Editorials

  • An obsolete model

    Settling on a new revenue model for funding Maine roads, bridges, rail, air and shipping ports has confounded previous state legislatures and, so-far, persists as an unsolvable predicament. So, we greet the recent announcement of the establishment of the Blue Ribbon Commission to Study and Recommend Funding Solutions for The State’s Transportation Systems with high

  • Duty calls

    State police, citing an increased workload and staffing issues, propose cutting back on coverage in Hancock and Washington counties. Until now, the agency has handled half of 911 calls made in Hancock County, while the Sheriff’s Office has responded to the rest (with the exception of calls handled by municipal police departments). The arrangement dates

  • Make no enemies

    Conflicts on the water are nothing new. It wasn’t that long ago that, along with apple cider and pumpkins, autumn brought the start of scallop fishing season and an increase in tensions between lobstermen who set their traps on the sea floor and scallop draggers who towed their metal drags along it. Individual lobstermen are

  • Fall spectacular

    While they couldn’t have ordered up the glorious fall weather this past weekend, the Ellsworth Area Chamber of Commerce team had the rest of Autumn Gold planning down to a science. The weekend offered something for everyone, from pancakes to chowder, boat rides to train rides, crafts to cars. Businesses participating in the Autumn Gold

  • Skills can be taught

    In a tight job market, in order to get skilled workers, employers may need to teach the skills. Realizing that the perfect job candidate may not be perfect yet and that investing in potential can pay off, roughly 115 employers are now participating in the state Department of Labor’s Apprenticeship Program, an increase of 40

  • Foster system is broken

    Maine’s foster kids are underserved. This incredibly vulnerable population is often subject to trauma upon trauma from an unstable, neglectful or possibly abusive home to removal from that home and entry into a system that struggles to meet their basic needs — not to mention their emotional ones. At the end of 2018, there were

  • Hail and farewell, Councilor Fortier

    Many good-hearted citizens of Ellsworth take time out from their jobs to serve their community. Gary Fortier is that rare one who had to take time out from his community service to get in a few hours of paid employment. A one-man civics lesson, Fortier’s service on the Ellsworth City Council has been tireless, selfless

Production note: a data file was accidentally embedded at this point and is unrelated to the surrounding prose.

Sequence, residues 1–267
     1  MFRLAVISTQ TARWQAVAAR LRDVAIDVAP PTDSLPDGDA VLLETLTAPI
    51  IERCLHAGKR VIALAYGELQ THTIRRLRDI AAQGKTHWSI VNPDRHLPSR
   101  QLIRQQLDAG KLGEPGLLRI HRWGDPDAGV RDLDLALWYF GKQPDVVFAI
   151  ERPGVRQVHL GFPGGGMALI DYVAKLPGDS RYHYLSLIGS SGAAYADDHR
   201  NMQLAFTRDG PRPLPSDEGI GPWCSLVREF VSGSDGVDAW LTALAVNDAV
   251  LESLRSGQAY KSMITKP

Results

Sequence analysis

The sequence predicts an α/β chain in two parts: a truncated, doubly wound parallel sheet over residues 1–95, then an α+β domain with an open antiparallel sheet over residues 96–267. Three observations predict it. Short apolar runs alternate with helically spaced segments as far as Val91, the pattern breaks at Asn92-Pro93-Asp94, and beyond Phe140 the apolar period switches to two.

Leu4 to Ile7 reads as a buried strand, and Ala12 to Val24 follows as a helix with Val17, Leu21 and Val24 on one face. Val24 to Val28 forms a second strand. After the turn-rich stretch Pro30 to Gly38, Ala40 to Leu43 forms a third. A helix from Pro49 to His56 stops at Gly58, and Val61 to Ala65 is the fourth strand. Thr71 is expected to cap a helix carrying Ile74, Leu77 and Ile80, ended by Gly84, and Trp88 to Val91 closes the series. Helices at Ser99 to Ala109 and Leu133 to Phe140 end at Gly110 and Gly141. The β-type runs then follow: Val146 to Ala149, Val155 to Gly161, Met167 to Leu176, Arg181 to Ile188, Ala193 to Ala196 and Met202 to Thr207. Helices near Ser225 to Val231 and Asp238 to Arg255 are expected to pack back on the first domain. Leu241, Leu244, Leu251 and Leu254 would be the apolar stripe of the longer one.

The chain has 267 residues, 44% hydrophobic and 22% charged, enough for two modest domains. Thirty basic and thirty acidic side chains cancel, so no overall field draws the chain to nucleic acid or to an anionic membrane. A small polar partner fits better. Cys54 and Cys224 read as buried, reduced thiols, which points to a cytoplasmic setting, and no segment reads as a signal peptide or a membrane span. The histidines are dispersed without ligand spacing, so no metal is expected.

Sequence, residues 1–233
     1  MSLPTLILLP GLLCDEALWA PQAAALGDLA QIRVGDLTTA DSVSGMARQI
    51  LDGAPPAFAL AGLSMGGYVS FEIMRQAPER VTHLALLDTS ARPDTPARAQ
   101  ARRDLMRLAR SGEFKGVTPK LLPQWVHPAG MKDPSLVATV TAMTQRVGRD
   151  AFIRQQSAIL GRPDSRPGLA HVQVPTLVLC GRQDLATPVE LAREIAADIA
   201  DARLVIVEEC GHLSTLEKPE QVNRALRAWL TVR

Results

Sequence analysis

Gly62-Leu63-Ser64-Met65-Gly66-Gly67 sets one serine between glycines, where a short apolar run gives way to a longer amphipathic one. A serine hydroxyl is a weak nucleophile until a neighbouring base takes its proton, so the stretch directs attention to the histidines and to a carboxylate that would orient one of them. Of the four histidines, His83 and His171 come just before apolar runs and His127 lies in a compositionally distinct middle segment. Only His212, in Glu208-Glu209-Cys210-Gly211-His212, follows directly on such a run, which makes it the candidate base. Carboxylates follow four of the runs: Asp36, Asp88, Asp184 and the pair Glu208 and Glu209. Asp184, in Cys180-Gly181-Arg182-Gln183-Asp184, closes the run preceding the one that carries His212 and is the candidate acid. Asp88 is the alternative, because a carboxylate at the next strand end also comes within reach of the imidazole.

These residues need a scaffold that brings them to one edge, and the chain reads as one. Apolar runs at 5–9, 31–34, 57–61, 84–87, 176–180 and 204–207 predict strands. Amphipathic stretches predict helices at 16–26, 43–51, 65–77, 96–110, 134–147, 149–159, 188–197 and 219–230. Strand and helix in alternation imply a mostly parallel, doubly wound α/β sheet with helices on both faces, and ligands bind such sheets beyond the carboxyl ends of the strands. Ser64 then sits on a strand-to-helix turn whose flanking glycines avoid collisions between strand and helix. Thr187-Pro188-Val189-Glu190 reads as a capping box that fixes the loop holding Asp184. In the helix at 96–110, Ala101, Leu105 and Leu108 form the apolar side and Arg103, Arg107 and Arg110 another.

• Welcome home

    Sept. 11 is a date indelibly inked on the American psyche. Eighteen years after the terrorist attacks, last Wednesday marked another national annual day of reckoning, remembrance and reflection. It was cause to look back on the nearly 3,000 lives lost, but also on the incredible acts of selfless heroism that drew us together as

  • Collateral damage

    How much will it cost to abate the opioid crisis in Maine? It’s an open question. But if settlements with drug manufacturers will likely be one source of the funds to address the crisis, there may be lessons to be learned from the history of the 1998 tobacco settlement and the Fund for a Healthy

  • Destination Downeast

    With downtown Bar Harbor and the most popular spots in Acadia National Park full to bursting in the high season, the Schoodic region and destinations farther Downeast are poised for tourism growth. The Schoodic portion of Acadia, including the Schoodic Woods campground, and amenities such as ferry service to Mount Desert Island are already attracting

  • Roads a necessity

    Maine’s roads and transportation infrastructure are in urgent need of a cash infusion. The $105-million transportation bond now slated for the November ballot will not go far enough, but if approved, the borrowed money will leverage an additional $137 million in matching federal funding. The total sum will help chip away at the state’s backlog

  • Teachers deserve support

    Our local public school leaders are sounding the alarm. They face a critical shortage of qualified teachers, administrators and support staff needed to fill open positions. As The Ellsworth American reported in a recent three-part series, the current teacher shortage crisis is intensified by the convergence of two powerful trends. The first is the demographic